With increasing demands for schools to meet standardized test expectations, decrease drop-out rates, prepare a globally competitive workforce, and develop students who are college-ready, many schools are faced with the challenge of effective principal leadership to meet these expectations. A Texas study revealed that less than 30 percent of principals remain in high schools beyond five years, and moreover that principals in low-performing schools have the shortest tenure (Fuller & Young, 2009). These principals need support from their districts to develop the characteristics of effective school leadership (Brookover & Lezotte, 1982); however, there is little correlation between the district-level meetings principals are required to attend and their development as instructional leaders (Anderson, Leithwood, Louis, & Wahlstrom, 2010).
This study examined the time principals spend away from their buildings to determine (1) the amount of time principals spend in off-campus meetings, (2) the perceptions principals have about the necessity of these meetings, and (3) principals' perceptions of what constitutes an effective meeting. Archival data from The Principal Survey was reviewed as the basis for this study. The Principal Survey captured principals' responses to questions administered via the cognitive interview protocol.
In addition, a review of current research on the subject of principal leadership, instructional leadership, and adult education was used to determine the practices districts need to develop effective school leaders. This examination included an analysis of responses from a diverse group of principals from a wide range of school settings. The Principal Survey consists of responses from leaders of rural, urban, and suburban elementary and secondary schools. The entire survey contains responses to 22 demographic questions, 31 open-ended questions, and 62 Likert-type questions. This study focused on six questions from the survey. Five of the questions are open-ended and one question required a response to a Likert-type item.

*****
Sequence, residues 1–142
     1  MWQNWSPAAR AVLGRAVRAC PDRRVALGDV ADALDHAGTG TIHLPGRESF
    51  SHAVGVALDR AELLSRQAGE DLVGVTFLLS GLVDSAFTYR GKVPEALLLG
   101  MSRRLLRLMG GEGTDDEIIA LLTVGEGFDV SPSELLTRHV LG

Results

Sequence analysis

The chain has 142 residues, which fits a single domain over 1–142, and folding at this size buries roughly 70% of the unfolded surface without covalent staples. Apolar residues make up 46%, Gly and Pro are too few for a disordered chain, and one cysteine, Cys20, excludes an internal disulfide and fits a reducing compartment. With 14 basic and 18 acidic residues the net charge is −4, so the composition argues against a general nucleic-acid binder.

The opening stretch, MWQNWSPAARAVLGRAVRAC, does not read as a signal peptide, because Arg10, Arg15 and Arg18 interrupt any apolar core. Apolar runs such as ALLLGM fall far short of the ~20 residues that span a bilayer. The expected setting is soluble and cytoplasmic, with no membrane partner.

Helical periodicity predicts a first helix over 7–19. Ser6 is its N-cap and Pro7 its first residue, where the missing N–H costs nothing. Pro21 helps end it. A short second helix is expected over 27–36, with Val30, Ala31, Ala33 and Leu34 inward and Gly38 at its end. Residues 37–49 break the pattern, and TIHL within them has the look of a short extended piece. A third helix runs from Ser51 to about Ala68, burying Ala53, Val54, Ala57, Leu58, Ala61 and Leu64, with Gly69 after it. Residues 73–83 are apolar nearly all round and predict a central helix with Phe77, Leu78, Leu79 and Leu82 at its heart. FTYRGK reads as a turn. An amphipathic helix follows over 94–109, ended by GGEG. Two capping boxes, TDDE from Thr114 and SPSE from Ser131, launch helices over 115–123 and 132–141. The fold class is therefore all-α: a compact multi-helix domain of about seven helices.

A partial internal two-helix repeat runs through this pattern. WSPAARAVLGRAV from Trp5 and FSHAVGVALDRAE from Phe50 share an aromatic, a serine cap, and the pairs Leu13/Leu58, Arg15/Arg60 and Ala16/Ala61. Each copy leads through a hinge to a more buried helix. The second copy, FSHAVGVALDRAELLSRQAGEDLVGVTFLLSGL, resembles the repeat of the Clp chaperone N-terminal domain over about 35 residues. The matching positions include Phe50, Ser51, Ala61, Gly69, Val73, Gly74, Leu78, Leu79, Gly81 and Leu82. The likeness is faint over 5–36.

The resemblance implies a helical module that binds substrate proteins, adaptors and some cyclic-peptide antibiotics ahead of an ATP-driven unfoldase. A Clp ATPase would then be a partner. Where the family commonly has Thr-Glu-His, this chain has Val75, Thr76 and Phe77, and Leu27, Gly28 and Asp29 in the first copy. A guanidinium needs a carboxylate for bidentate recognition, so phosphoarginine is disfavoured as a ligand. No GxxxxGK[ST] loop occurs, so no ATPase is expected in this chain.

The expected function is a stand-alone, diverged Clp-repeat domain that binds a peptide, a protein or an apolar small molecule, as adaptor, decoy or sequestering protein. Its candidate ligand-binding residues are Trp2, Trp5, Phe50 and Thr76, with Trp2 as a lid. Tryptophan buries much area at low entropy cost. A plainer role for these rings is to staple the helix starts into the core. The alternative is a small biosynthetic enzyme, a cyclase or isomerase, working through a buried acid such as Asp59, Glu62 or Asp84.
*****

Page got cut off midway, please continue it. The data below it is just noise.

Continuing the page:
The survey data were analyzed using a mixed-method approach in which (1) qualitative data from the interview questions were coded into themes, (2) descriptive statistics were used to describe the quantitative data, and (3) a t-test for independent means was conducted to determine the significance of the relationship between a school's accountability rating and the amount of time the school's principal spends off-campus.
The findings of this study have implications for district leaders who oversee the time principals spend attending off-campus meetings. The conclusions of this study underscore practices needed to increase the principal's capacity to effectively lead schools. These practices include district meetings that allow principals to network and share best-practices with one another, the use of technology in lieu of face-to-face meetings to disseminate updates on district and state policy issues, and professional development activities that promote the principal's sense of self-efficacy in instructional leadership.